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Half of All Languages Come from One Root Language.

Half of All Languages Come from One Root Language. How it Spread Is Something of Debate


The sheer variety of languages on Earth is dizzying in their array and divergence. What’s more intriguing, is that about half of them spoken today by some three billion people, come from a single root language, used thousands of years ago. Hindi, Bengali, Persian, English, German, Spanish, and Greek, all come from the same root, known as Proto-Indo-European (PIE). In total, 400 languages and dialects originate from PIE.

German linguist August Schleicher reconstructed its vocabulary back in 1868. He wondered what PIE sounded like. So he created a fable called “The Sheep and the Horses.” Over the years, as more information has been unearthed about the Bronze Age cultures who spoke this language, the fable has been updated. Of course, scholars argue over what PIE actually sounded like. Nothing is definitive. But we have an approximation.


The full article plus video, audio and some interesting images can be found here:


March 24, 2017



Certainly an interesting and worthwhile topic but the title of this thread is poorly worded and factually wrong.

While a bit under half the people in the world speak Indo-European languages, the 400 languages mentioned in the original post is closer to about a tenth of the total number of natural languages (not including conlangs) spoken in the world today.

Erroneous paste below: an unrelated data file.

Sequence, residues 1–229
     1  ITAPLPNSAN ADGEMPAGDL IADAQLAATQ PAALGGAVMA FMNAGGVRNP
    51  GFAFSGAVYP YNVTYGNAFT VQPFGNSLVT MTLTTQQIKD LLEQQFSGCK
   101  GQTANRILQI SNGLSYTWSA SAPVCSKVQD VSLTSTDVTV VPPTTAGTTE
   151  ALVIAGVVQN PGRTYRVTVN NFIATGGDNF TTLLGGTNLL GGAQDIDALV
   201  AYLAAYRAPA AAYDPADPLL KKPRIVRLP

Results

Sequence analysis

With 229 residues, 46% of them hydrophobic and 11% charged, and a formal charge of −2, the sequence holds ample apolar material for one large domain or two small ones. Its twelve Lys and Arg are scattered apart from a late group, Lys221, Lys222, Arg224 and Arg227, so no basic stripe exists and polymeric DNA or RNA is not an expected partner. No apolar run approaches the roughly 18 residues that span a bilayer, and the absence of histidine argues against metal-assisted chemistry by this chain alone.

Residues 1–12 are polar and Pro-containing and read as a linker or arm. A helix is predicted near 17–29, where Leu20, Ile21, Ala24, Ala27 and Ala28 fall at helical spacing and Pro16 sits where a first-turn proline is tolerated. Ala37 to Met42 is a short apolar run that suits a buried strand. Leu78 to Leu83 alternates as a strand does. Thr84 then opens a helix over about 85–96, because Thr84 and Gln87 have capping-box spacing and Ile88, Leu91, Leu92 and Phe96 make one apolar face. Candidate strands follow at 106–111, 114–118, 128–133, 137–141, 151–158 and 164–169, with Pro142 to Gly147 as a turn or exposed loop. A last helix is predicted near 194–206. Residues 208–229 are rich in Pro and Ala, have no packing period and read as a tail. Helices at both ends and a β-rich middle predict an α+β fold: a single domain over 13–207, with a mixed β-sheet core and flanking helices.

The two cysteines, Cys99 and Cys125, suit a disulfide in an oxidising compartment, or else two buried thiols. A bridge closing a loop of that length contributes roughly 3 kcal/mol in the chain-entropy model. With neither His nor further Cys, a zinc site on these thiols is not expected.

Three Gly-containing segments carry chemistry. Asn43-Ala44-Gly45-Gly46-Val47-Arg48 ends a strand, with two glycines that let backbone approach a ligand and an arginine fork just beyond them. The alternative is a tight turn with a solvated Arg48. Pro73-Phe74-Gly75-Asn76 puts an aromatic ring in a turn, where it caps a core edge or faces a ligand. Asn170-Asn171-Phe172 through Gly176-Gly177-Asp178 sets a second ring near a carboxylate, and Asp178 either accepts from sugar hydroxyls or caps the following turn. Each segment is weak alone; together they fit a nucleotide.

The title of the Thread seems to be just the title of the article. I don't get the math either. I believe there is something like 6500 languages alive today (more depending on the source). My guess is linguists aren't very good at math.


Big Think strives to be some sort of pop-intellectual website like TED, but a lot of their articles are pretty half-baked.


The article is a decent summary of the other articles. It is my experience of these forums that most users are looking for short quick bits of info not in depth research. If you read the article you can then go to the other articles they mention and get a better view of what they are summarizing.


This is true, I didn't mean to put down your contribution here. I'm speaking more from previous experience I've had with that site.


Perhaps they are measuring the amount of people speaking these languages, so maybe more like "Half the world knows languages stemming from one original language".


A more accurate title though probably not as catchy.


But that's not a reasonable excuse for poorly informed article titles.


I don't understand your comment. I was not making an excuse for the title. My last sentence wasn't even serious.


When I have used the article title as the Discussion title people complained. When I haven't used the article title as the Discussion people have complained more.


Sounds like a mix of Welsh, German and Old English.


Ötzi would have been a good name for a band. If I hadn't read the article I would have thought the audio was a Gaelic language.


Ötzi would have been a good name for a band.

DJ Ötzi is actually the name of a hugely popular Austrian singer. Click at your peril...



Video not available for me. I think a lot of people have heard this one even if they don't know it's Ötzi.


For those interested in PIE, the game "Far Cry Primal" takes place in prehistoric Europe and all dialogue in the game is actually in reconstructed PIE with varying forms and dialects depending on the tribe! Listen to some of the dialogues!


A really interesting article, thanks for sharing it.

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